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Survival Skills

How to start a survival fire with a flintlock rifle

How to start a survival fire with a flintlock rifle

The frontiersmen, longhunters and settlers who relied on a flintlock rifle, shotgun or pistol knew how to start a fire with the firearm. Here’ one way to do it.

by Leon Pantenburg

A died-in-the-wool history nerd and old time equipment fanatic like me is always checking out new old gear, and trying to figure out how the oldtimers got along. It’s probably some sort of character defect.

This .40 caliber flintlock rifle is similar to those made about 1800 in Pennsylvania.

This .40 caliber flintlock rifle is similar to those made about 1800 in Pennsylvania.

But a Boy Scout asked me one time at a flint and steel firemaking demonstration, what would you do if you had one arm disabled? Could you still start a fire?

Sure, I commented, just as long as I have my flintlock.

The flintlock was the primary ignition system for firearms for almost 200 years, according to The Firearms Guide. 

The very first true flintlock firearm was developed by Frenchman Marin le Bourgeoys, The Firearms Guide claims, who designed it for King Louis VIII. Flintlock muskets, pistols and rifles were the mainstay of every European and American army from 1660 to 1840.

I got into muzzleloading firearms in the early 80s when I did a story on a Vicksburg, Miss. riflemaker. Charles Crowther was a wildlife biologist, whose hobby was making Pennsylvania long rifles. His specialty was crafting the firearms from the mid-1700s through the 1850s.

Charles gave me my current longrifle (check out the story), named Annabelle, and I have used it extensively for hunting and target practice.

Anyway, I was sitting under a beech tree one morning, waiting for a squirrel to come around to the other side of the trunk, when the thought came to me.

Lon Humphrey Sterling knife with flintlock rifle

This modern Lon Humphrey Sterling knife matches my rifle and looks like it could have been forged by an old time knifemaker.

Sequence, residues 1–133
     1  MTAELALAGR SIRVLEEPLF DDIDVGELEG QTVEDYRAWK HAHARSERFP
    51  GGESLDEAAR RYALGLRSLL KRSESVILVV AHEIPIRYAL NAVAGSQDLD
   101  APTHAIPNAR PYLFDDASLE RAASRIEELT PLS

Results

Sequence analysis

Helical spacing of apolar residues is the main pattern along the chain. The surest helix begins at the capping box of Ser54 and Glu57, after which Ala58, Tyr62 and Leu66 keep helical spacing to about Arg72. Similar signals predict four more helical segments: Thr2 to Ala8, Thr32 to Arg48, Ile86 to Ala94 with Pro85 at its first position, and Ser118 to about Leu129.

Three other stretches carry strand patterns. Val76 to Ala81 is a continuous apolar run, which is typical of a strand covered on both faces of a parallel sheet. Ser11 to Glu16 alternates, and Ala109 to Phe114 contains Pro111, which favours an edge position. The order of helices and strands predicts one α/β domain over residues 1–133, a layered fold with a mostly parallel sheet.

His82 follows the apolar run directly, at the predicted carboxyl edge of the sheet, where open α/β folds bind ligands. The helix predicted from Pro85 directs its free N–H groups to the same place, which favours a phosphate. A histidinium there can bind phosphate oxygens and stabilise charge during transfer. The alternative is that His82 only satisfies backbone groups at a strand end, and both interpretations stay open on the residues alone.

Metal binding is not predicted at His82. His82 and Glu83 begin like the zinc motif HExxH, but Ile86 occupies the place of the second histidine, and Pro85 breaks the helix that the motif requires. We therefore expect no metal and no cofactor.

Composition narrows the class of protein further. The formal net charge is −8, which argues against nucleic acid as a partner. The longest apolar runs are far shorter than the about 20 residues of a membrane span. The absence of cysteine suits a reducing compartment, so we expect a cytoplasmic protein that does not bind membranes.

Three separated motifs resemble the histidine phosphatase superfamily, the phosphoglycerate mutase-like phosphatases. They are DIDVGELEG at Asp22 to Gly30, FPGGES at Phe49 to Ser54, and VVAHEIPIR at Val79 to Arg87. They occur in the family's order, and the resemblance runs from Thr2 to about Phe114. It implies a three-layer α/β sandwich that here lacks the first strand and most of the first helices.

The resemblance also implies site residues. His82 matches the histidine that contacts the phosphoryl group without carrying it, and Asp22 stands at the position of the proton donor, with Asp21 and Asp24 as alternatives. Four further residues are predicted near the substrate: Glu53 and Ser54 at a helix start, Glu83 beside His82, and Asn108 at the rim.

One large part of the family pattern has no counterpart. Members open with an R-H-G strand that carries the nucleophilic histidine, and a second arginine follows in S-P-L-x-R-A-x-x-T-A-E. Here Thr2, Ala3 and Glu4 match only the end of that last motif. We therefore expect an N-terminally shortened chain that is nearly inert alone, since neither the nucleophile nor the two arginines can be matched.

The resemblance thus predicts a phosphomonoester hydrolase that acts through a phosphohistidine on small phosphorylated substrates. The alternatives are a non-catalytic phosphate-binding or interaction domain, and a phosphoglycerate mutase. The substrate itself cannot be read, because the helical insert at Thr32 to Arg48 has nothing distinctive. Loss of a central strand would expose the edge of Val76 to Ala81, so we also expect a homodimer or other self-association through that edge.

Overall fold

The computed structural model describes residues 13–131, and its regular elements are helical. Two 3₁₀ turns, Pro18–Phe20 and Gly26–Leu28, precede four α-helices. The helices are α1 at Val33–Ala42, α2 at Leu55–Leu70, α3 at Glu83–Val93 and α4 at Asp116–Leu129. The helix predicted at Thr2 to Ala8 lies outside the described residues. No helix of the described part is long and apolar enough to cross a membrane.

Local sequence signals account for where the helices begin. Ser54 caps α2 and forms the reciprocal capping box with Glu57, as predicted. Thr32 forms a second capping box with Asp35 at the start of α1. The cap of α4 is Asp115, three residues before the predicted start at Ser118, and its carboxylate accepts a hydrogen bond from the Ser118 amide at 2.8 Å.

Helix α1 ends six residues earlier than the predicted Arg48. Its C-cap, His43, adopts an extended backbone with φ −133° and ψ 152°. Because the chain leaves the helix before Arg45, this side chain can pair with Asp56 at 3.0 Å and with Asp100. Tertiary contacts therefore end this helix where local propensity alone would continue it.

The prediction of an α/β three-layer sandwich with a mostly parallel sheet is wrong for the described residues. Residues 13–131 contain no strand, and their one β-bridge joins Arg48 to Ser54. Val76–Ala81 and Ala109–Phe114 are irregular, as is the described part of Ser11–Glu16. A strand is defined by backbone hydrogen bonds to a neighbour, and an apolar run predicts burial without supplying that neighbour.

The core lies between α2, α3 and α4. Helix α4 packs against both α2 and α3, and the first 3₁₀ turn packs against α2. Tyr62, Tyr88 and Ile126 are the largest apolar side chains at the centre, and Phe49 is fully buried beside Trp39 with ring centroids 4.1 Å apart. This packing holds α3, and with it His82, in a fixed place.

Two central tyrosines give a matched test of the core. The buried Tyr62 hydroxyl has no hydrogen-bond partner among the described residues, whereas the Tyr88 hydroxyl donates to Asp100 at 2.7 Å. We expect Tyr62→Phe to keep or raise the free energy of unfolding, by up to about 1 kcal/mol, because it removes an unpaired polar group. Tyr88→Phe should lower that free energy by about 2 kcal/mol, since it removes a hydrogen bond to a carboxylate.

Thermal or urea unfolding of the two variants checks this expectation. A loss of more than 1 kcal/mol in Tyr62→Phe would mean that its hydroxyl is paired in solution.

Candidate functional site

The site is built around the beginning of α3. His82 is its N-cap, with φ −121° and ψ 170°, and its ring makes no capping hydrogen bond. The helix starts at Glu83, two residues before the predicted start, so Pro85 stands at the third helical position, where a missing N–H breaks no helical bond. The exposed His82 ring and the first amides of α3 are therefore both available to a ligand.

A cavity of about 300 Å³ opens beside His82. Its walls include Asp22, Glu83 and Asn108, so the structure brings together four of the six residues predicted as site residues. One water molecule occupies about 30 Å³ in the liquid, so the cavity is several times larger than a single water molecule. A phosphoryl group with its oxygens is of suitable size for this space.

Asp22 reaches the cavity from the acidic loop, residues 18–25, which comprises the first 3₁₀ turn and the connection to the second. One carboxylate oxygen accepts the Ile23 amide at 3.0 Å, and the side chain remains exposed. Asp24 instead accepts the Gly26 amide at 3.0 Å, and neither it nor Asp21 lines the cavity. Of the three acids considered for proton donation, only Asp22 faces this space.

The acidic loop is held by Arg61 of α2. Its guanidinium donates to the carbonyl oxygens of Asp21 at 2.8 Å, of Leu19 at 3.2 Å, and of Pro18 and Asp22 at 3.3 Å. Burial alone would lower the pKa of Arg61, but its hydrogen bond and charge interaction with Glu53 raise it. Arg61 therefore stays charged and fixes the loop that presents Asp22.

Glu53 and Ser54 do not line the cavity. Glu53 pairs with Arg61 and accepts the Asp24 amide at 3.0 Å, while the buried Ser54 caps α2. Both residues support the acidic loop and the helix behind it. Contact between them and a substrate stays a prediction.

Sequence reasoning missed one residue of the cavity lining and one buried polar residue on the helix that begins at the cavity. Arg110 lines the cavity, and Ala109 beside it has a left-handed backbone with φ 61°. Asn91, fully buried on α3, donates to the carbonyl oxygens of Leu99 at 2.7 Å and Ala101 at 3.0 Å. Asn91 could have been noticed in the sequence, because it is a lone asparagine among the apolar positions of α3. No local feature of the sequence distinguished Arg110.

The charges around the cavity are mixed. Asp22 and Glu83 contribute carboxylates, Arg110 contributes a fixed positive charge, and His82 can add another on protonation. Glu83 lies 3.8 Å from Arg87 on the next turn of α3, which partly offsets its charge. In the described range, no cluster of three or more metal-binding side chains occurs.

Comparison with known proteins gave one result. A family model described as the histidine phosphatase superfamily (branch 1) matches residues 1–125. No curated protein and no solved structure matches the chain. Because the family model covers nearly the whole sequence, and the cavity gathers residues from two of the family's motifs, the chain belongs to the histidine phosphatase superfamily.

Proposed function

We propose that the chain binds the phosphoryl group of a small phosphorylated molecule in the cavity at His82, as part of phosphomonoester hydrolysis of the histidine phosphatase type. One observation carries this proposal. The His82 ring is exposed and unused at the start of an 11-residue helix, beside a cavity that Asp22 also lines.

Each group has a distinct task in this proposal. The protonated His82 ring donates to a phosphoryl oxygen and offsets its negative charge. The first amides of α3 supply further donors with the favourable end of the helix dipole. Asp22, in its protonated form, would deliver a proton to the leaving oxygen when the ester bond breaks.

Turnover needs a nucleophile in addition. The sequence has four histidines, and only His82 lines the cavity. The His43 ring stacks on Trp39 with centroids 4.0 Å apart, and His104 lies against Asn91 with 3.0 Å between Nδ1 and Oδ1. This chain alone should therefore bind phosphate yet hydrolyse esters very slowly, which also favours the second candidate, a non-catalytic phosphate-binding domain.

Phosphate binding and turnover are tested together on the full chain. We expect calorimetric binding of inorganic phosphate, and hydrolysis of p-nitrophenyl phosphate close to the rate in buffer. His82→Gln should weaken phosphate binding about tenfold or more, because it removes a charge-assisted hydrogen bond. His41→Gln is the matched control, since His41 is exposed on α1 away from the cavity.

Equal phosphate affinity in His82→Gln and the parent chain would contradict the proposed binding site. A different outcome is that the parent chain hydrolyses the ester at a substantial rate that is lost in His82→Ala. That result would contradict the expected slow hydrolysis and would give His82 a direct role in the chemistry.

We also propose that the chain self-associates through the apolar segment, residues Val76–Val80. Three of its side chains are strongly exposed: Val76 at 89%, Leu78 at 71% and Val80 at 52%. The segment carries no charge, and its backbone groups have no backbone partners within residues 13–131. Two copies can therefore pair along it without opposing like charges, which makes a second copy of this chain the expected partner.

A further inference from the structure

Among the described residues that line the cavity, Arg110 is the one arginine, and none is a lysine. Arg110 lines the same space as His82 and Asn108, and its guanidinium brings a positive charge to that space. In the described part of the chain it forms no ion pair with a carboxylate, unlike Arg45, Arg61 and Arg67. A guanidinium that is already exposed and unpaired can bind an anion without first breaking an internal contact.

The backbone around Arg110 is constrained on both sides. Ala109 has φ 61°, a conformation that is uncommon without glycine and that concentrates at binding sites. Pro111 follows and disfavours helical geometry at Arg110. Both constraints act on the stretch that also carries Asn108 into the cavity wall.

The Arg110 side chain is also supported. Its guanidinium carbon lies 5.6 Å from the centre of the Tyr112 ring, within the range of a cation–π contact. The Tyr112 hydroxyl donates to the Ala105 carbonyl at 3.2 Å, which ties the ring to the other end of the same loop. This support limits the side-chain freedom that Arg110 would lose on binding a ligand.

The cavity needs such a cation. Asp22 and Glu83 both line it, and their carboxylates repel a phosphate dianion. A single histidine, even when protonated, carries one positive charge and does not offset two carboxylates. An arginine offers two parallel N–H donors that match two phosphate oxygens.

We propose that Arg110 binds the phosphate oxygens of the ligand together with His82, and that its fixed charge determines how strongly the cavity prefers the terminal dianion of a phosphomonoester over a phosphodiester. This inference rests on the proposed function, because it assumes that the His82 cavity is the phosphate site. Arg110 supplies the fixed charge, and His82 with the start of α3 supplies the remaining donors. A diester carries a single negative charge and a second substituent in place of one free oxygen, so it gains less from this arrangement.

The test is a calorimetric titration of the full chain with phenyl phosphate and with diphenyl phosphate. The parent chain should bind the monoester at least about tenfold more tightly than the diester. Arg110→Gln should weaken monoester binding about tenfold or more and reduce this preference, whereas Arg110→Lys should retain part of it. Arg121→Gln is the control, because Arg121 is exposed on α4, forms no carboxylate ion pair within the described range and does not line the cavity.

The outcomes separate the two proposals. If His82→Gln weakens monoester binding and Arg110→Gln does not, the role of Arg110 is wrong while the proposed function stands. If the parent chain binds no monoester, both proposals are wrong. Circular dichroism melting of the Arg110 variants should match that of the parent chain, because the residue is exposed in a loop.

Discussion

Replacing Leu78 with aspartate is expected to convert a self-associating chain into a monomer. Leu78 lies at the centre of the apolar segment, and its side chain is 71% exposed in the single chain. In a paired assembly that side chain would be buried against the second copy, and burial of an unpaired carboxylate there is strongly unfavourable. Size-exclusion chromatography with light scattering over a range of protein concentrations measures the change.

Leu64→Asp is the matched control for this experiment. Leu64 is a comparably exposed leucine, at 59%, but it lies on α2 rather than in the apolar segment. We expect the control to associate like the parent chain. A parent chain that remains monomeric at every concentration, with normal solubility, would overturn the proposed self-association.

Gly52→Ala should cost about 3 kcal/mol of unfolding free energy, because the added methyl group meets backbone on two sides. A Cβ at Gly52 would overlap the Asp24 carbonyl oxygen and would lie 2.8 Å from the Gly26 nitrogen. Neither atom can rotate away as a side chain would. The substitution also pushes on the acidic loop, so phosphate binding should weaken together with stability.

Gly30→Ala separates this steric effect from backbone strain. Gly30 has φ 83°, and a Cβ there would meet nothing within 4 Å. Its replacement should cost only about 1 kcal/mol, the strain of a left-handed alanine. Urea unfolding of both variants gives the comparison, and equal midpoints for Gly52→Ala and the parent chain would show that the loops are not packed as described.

I am proficient starting fires using flint and steel. But what would I do if one hand or arm was disabled? Could I still make a fire to keep from getting hypothermia?

I dug out some charcloth from my kit, UNLOADED my rifle and started experimenting. I found that the flintlock worked really well with charcloth, and was almost infallible.

Now, this technique requires a flintlock to work, naturally, but I like to think of this as a survival mindset exercise.

If you’re always thinking about how to use the available resources for survival tasks, then you’ll be better prepared for emergencies.

In this case, the technique is just another cool way to start the campfire, and the conversations that will go on around it!

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2 Comments

  1. Leon

    08/03/2016 at 21:23

    Few gifts have ever given me so much enjoyment.

  2. Carl Crowther

    08/03/2016 at 19:08

    That beautiful Pennsylvania long rifle serves the purposes of, first, killing a squirrel and, then, starting a fire to cook it with! That is real ingenuity! Thanks, Leon, for writing and sharing this article. Old Charlie would be proud. You are keeping your rifle nice and shiny. I believe It looks just like it did on the day Charlie presented it to you so many years ago.

    -Carl Crowther

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Survival Skills

Leon Pantenburg is a wilderness enthusiast, and doesn't claim to be a survival expert or expertise as a survivalist. As a newspaperman and journalist for three decades, covering search and rescue, sheriff's departments, floods, forest fires and other natural disasters and outdoor emergencies, Leon learned many people died unnecessarily or escaped miraculously from outdoor emergency situations when simple, common sense might have changed the outcome. Leon now teaches common sense techniques to the average person in order to avert potential disasters. His emphasis is on tried and tested, simple techniques of wilderness survival. Every technique, piece of equipment or skill recommended on this website has been thoroughly tested and researched. After graduating from Iowa State University, Leon completed a six-month, 2,552-mile solo Mississippi River canoe trip from the headwaters at Lake Itasca, Minn., to the Gulf of Mexico. His wilderness backpacking experience includes extended solos through Yellowstone’s backcountry; hiking the John Muir Trail in California, and numerous shorter trips along the Pacific Crest Trail. Other mountain backpacking trips include hikes through the Uintas in Utah; the Beartooths in Montana; the Sawtooths in Idaho; the Pryors, the Wind River Range, Tetons and Bighorns in Wyoming; Rocky Mountain National Park in Colorado, the Catskills in New York and Death Valley National Monument in southern California. Some of Leon's canoe trips include sojourns through the Okefenokee Swamp and National Wildlife Refuge in Georgia, the Big Black River swamp in Mississippi and the Boundary Waters canoe area in northern Minnesota and numerous small river trips in the Midwest and Pacific Northwest. Leon is also an avid fisherman and an elk, deer, upland game and waterfowl hunter. Since 1991, Leon has been an assistant scoutmaster with Boy Scout Troop 18 in Bend, and is a scoutmaster wilderness skills trainer for the Boy Scouts’ Fremont District. Leon earned a second degree black belt in Taekwondo, and competed in his last tournament (sparring and form) at age 49. He is an enthusiastic Bluegrass mandolin picker and fiddler and two-time finalist in the International Dutch Oven Society’s World Championships.

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